SenderoQuebrada La Vieja Hike
Hiking trails in Colombia are unique. The SenderoQuebrada La trail is one that we did one weekday morning. The reason they are unique is that they are only open in the morning, and you must be down by 9AM. I was told the reasoning for this was due to the amount of robberies they had on the trails. Thieves would wait in the bushes and rob people as they hiked up. They now have police throughout the trail to prevent that from happening, but couldn’t have police there all day, so they stop it at a certain time. It was a fun hike, you go through jungle like terrain, also pine trees, and then have a nice view of Bogota. The view is better on a clear day, it was a tad cloudy when we went. Thank you to Bogota’s finest for keeping us safe.
Volunteering with Tu Sirves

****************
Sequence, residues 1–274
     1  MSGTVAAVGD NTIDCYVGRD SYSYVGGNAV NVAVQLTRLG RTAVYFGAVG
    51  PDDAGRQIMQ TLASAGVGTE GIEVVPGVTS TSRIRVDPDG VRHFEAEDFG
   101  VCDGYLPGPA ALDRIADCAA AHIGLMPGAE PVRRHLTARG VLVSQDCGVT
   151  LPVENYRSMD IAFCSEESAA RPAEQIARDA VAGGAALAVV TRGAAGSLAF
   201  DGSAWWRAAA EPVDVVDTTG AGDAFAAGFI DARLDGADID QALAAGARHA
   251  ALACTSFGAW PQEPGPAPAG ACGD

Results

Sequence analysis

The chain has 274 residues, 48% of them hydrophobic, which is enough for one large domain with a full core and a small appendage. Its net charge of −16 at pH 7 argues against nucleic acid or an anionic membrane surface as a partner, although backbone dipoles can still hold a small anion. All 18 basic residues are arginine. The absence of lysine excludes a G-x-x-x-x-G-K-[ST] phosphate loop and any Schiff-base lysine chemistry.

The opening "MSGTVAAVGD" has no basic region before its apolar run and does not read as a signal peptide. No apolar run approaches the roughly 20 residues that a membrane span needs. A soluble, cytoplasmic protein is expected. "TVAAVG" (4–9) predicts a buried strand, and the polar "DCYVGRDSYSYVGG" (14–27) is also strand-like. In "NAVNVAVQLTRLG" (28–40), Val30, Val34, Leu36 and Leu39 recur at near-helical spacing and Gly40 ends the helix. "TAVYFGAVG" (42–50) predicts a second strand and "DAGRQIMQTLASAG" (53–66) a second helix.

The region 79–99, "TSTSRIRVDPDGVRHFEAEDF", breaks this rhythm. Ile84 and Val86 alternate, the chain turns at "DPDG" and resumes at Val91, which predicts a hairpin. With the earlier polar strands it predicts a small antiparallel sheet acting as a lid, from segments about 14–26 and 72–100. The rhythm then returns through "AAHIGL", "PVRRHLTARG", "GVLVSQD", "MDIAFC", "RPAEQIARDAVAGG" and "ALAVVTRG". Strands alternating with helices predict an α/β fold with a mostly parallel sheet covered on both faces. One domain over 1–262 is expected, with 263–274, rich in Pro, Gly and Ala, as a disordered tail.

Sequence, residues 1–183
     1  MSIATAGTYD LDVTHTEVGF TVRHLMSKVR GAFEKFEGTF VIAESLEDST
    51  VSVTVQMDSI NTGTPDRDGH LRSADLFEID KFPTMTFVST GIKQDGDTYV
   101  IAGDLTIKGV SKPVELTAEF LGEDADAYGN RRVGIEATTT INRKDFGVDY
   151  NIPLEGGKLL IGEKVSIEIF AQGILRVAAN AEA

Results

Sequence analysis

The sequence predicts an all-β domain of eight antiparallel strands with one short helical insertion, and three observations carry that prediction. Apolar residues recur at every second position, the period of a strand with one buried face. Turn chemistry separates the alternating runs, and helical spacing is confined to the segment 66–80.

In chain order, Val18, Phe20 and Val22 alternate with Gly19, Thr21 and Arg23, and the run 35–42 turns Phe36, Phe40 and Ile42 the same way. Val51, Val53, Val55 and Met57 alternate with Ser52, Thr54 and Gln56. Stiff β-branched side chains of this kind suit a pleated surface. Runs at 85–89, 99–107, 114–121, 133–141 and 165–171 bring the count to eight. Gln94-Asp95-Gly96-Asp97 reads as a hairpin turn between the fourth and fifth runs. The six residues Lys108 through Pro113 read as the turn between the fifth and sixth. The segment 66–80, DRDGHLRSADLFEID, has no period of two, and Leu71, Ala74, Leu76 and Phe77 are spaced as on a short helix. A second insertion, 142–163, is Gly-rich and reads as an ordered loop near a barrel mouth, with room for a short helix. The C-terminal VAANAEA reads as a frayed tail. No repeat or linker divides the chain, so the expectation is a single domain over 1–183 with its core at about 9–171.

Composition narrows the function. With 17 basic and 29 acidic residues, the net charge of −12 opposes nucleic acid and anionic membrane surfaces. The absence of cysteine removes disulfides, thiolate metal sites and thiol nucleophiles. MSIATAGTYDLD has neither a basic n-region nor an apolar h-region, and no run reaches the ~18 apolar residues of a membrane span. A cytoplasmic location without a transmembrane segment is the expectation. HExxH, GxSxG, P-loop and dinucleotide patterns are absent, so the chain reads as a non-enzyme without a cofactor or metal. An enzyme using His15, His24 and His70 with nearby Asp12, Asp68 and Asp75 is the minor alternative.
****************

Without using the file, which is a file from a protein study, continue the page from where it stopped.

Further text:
Tu Sirves is an organization in Bogota that organizes various volunteer activities. Remote Year partnered with them to organize a trip to a local prison in which we would visit with prisoners and talk with them. This was such an eye-opening experience. We met at the bus station in the morning and took the bus to the stop closest to the jail. The jail was about an hour bus ride out of town. We got off the bus and we weren't in our normal part of town that we were used to. We were told to make sure not to have anything in our hands, as it would most likely get stolen. Once we arrived at the jail, we had to go through several security measures before we could get in. This involved being searched, having our fingerprints taken, and making sure that all our belongings we brought were left behind. We were accompanied by a staff member at the jail. I have been in prisons before, but I had never been this close to inmates. We walked through, and surprisingly people were friendly and a lot of people said hello. We were then given a tour of the various workshops they have for the inmates to work on stuff. The first stop was the woodworking shop. Several inmates were in there and working on various projects. There were some cool things, and the inmates were proud to be able to show off their work to us. One of the inmates even gave one of us a gift, a wooden car he had made and painted. It was truly amazing to see, and really got my head turning about how the prison system could be different to help inmates become better, and not just be locked away. The next area we visited was the painting area. This was not as busy as the woodshop area, but there were some cool things happening there, and was also where some of the items made in the wood shop were being painted. One of the inmates showed us how he painted flowers, and explained that he just taught himself, by looking at, and reading art books. One interesting tidbit was that the inmates had to get their art supplies from their family. The family would drop the stuff off, and then the inmate would have to buy the stuff for a minimal fee. The inmates were able to sell their art and therefore had a way to make money. It was an interesting approach to say the least. After the painting workshop, we went to the leather/sewing workshop where several inmates were making wallets, purses, and sewing clothes. Once again, it was great to see inmates being able to build and develop skills that could help them in the future if they were to get out of prison. After the tour of the workshops, we made our way to the courtyard where we would meet inmates and spend about 45 minutes talking to them. We were given training before our visit, and went over the exercise that we would be doing with the inmates. The section we were in was the drug section. This was where inmates who were caught with various drug violations were held. There were a variety of ages, races, and nationalities amongst us. We started our time by doing a dance, to break the ice and get everyone comfortable. It was a lot of fun, and helped the inmates become more comfortable. We then broke off into groups, and spent our time talking with each other. It was an amazing experience to be able to understand where they were coming from. The exercise we did was to list people we have hurt, and people who have hurt us. It is an interesting exercise and was good to hear the inmates open up on how the actions that landed them in prison affected others. There was a language barrier at times, but I was still able to pick up on things. The visit ended, we went back to our lives, and they back to theirs. I wasn’t sure what to expect from the visit, but it opened my eyes and my heart to another world that I would have never sought out in my past life. If you are ever in Bogota and are looking for volunteer opportunities, consider Tu Sirves, they are a great group of folks, who love what they do and helping others.